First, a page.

A double-standard also seems to exist. Many of the scholars and pundits who dislike the fact that Muhammad had to fight military campaigns during his path to peace, and who consider his religion to be inherently martial, overlook the fact that many biblical prophets and leaders — including Moses, Joshua, Samson, David and other Sunday School favourites — were also warriors through necessity. Despite our Children’s Book image of these warriors, their actions included frequent killing and were sometimes couched in highly bloodthirsty language. For example, the Book of Numbers (31:15-17) records that Moses ordered war against the Midianites, but was gravely disappointed when, after having slain all the men, his warriors chose not to kill the women. He therefore instructed his warriors to kill every male child and to leave alive no females except virgins, whom the Israelites were allowed to keep as slaves. This hardly fits with our Charlton Heston-esque view of a very popular Jewish and Christian prophet.

It is worth observing that among the scriptures that form the bedrock and bulk of the Judeo-Christian tradition — the Old Testament — one can find numerous verses like these that explicitly advocate (or at least once advocated) large-scale violence incompatible with any codes of warfare that Jews and Christians would nowadays condone. For instance, when Joshua led the Israelites into the Promised Land and promptly laid siege to Jericho, which was the first walled city they encountered west of the Jordan River, “they destroyed with the sword every living thing in it — men and women, young and old, cattle, sheep and donkeys.”12 The lack of what we would today call discrimination between combatants and non-combatants accorded with God’s earlier commandment that, in areas which God had set aside for their occupation, the Israelites were to ensure that, “without mercy,” they did not leave alive “anything that breathed”.13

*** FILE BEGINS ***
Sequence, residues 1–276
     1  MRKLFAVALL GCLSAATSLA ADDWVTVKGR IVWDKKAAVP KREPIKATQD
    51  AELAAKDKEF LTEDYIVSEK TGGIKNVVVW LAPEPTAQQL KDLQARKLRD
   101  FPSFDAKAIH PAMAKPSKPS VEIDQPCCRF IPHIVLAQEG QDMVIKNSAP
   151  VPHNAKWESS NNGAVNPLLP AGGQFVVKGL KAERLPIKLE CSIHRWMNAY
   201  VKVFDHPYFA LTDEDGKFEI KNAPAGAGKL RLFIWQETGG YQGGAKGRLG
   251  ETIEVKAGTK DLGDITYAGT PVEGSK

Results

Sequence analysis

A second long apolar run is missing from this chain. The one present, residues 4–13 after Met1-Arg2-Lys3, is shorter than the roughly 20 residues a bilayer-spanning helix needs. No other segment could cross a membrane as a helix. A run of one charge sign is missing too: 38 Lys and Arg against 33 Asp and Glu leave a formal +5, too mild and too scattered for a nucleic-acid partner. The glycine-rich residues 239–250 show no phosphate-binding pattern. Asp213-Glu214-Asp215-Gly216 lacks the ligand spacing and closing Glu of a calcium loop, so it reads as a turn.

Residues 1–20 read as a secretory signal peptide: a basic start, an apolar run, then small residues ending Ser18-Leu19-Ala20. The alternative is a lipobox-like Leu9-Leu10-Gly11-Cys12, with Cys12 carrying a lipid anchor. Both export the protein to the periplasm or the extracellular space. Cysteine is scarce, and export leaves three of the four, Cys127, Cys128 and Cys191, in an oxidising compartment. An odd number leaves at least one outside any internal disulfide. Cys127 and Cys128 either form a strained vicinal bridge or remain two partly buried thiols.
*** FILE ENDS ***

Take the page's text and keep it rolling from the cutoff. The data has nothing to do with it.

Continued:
The ancient world was certainly brutal at times, with military excesses sometimes involving deliberate widespread violence against whole civilian communities. “It is a wonderful sight,” Roman commander Scipio Aemilianus Africanus gushed in 146 B.C. as he watched his forces raze the enemy city of Carthage to the ground following his order that no trace of it should remain. “Yet I feel a terror and dread lest someone should one day give the same order about my own native city.”14

No-one can doubt that humanity has since made tremendous progress in the way it conceives the purpose and nature of warfare and the role and treatment of non-combatants. Yet we would be wrong to believe that the “Carthaginian approach” has disappeared entirely. The Holocaust of the Jews in the Second World War, one of history’s vilest crimes, involved the organised murder of six million Jews by Germans and others who considered themselves Christians or at least members of the Christian value system. Other crimes perpetrated by Christians during recent wars have included the (Orthodox Christian) Bosnian Serb massacre of 8,300 Bosnian Muslim men and boys in and around the town of Srebrenica in July 1995.

A fair assessment of historical evidence reveals that Christianity is a faith of justice that cannot reasonably be considered blameworthy in and of itself for the Crusades, the Holocaust, the Srebrenica massacre or the Timothy McVeigh terrorist attack in Oklahoma City in 1995, even though Christians committed those horrendous acts and many others. Similarly, a fair assessment of Islam reveals that it is equally a faith of justice that cannot fairly be seen as blameworthy in and of itself for the Armenian Genocide, the Iran-Iraq War, Saddam Hussein’s invasion of Kuwait or the Al-Qaeda attacks on America in 2001, even though Muslims committed those disgraceful deeds. Certainly Islam’s framing scriptures, the Qur’an, contains no verses which are as violent as the biblical scriptures quoted above or any Qur’anic verses more violent than those already quoted. In any event, even the most ostensibly violent Qur’anic verses have not provided major Islamic movements, as opposed to impassioned minority splinter groups, with a mandate to wage aggressive war or to inflict disproportionate or indiscriminate brutality.

Last Updated on Thursday, 14 July 2011 10:33